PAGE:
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Default re: Resurrecting a loved one: My salvage '11 Honda Civic (rollover crash)

Wow, what a tragic first post. Let me start by saying it is so very good to know that all of you came out safe from the accident.
Coming to the questions, in summary I would sadly advice you to let her go and avoid yourselves a heap of potential troubles in future for the reasons listed below in no particular order:

1. No matter how good the build quality was and how well you maintained it, the fact is this accident looks bad and probably took a heavier toll than what it looks from the surface. Also judging by the ASC quote, this was quite an accident. No matter how well you fix it, I believe it is very difficult to get her to the former glory and shape especially considering the car will be fixed by a dealer with scrap parts and not by a professional restoration guy or even the authorised SVC for that matter. As most of us say here, you get what you pay for, atleast in most cases.

2. I have had a brief experience with a local garage to repair a close friends accidental Tata Indica couple of years back at a fraction of the cost against what was quoted by the authorised SVC. The accident was not even close to as bad as yours (a HMV rammed in both the door panels of parked car at high speeds). The Tata SVC quoted approximately INR 1+ lakhs to replace both doors, correct/repair the chassis and change the broken glass windows all around. Without going into too much details, after some deliberation we decided not to go through the insurance route and get it fixed at a local garage since this was an old car, the insurance IDV was barely sufficient and obviously it wasn't a zero dep insurance which meant a good liability for the owner. We came across a local garage specialising in accidental repairs and he quoted a reasonable sum of approximately INR 25k IIRC to get everything done and we went for it without much thought. Sufficient to say it was a shoddy repair job of denting painting, the doors wouldn't close well, rattles were permanent, the chassis appeared to be misaligned and did not inspire any confidence whatsoever. Only thing which looked decent were the glass replacement. The garage helped correct these issues to some extent but again those felt like temporary jugaads and issues kept creeping up every next month. The car was let go shortly after that at a throwaway price. Again, nothing against the car dealer you have in mind but just pointing out that probably such repairs cannot be carried out on a short budget with both parties keeping their own economical benefit in mind. The end result may not be what you expected after going through numerous hassles.

3. Like you said, time is not something which you have as a luxury being a corporate lawyer and this may involve significant time and energy to get it fixed to your satisfaction especially considering your critical OCD toward the car.

4. These are difficult covid-19 times and everybody is looking for a quick buck or atleast continue to keep their shops running in whatever way possible. Getting things done during these days is all the more difficult and time consuming especially considering the dealer will procure scrap parts from all over.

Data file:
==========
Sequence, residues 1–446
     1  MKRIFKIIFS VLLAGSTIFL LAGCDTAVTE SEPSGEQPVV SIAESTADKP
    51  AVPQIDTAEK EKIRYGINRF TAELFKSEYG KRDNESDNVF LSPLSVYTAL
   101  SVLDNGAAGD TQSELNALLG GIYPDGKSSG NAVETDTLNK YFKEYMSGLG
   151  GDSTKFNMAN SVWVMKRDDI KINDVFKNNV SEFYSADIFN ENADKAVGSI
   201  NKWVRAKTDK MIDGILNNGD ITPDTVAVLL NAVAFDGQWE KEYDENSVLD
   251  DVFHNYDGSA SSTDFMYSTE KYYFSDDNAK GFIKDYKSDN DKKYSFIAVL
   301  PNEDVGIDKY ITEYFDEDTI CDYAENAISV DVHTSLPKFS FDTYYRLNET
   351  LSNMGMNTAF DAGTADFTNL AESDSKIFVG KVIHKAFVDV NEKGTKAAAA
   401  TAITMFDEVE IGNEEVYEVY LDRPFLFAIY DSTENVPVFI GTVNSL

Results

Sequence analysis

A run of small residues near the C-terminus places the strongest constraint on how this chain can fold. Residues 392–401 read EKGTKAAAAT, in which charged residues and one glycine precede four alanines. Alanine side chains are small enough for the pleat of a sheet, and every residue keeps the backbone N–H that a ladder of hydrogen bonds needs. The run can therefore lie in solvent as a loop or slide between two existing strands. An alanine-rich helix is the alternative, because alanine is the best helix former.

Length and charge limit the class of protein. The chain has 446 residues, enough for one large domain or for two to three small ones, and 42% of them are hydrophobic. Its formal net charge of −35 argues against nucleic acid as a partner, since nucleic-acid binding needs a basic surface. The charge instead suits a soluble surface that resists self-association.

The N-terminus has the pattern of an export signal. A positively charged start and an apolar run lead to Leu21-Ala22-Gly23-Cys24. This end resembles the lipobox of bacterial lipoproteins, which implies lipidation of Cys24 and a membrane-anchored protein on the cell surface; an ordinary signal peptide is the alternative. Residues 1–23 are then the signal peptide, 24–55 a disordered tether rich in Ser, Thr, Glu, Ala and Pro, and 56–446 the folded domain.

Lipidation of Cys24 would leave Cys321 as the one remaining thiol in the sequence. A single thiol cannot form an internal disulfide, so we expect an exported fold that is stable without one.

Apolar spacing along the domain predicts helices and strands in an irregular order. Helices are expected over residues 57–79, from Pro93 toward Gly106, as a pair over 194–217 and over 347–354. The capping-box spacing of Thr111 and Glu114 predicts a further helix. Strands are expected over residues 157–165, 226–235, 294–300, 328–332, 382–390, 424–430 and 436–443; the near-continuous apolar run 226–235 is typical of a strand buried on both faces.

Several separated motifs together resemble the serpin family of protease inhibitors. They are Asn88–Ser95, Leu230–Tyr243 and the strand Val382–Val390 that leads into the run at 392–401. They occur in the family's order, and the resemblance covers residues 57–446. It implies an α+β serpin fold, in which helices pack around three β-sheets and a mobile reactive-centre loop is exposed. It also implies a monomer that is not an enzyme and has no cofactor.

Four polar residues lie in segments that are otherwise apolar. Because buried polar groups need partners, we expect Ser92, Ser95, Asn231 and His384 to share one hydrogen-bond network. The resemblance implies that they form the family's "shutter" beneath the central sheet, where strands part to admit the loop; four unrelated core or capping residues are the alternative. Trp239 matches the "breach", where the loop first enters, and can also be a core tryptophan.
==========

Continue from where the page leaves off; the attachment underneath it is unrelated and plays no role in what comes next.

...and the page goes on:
5. There's also a high risk of your perfectly working original parts being replaced in the process and you get a sub-optimal replacement part in the bargain which may be good for some time but then will call for action. I've had my perfectly working bike carbeurator replaced by a local garage in a day when the bike went for a quick fix on some body work. Could realise this only when I took it to the official SVC after a couple of months to get a newly cropped up issue fixed. No points for guessing, the carbeurator was the new issue and had to be bought fresh.

6. I'm guessing it's a local dealer and you don't know them, their reputation or their service quality. Ask around or ask here if any members had experience with the dealer; and if you do get some red flags, steer clear away.

I can imagine the pain of letting go a loved car/bike as I've recently let go off my increasingly difficult to manage ageing 1st gen Maruti Zen due to various issues. I would rather suggest you to take the insurance settlement and hunt for another well maintained used civic and possibly get to the closest feeling that you had with your Kate. Good luck with whatever you decide and welcome to Team BHP
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Old 1st August 2020, 09:11   #7
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Default re: Resurrecting a loved one: My salvage '11 Honda Civic (rollover crash)

Glad to hear that you and your friends are safe !

As far as your civic is concerned, it can be repaired, few body panels, bumper and glass would need to be replaced, maybe with some internal parts too.

However the damage is quite bad and will not drive like a new car once repaired I would suggest letting it go and getting another car.
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Old 1st August 2020, 09:17   #8
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Default re: Resurrecting a loved one: My salvage '11 Honda Civic (rollover crash)

Walk away, I repeat, walk away!

Be emotional about your car experience but do not be emotional about cars. Your car is not safe, the A and B pillars will be distorted from the roll, the chassis main beams will be distorted from the high speed impact with the divider. If you must, get the car on the jig to assess this, there is normally a tolerance level of distortion beyond which any pulling machine cannot help.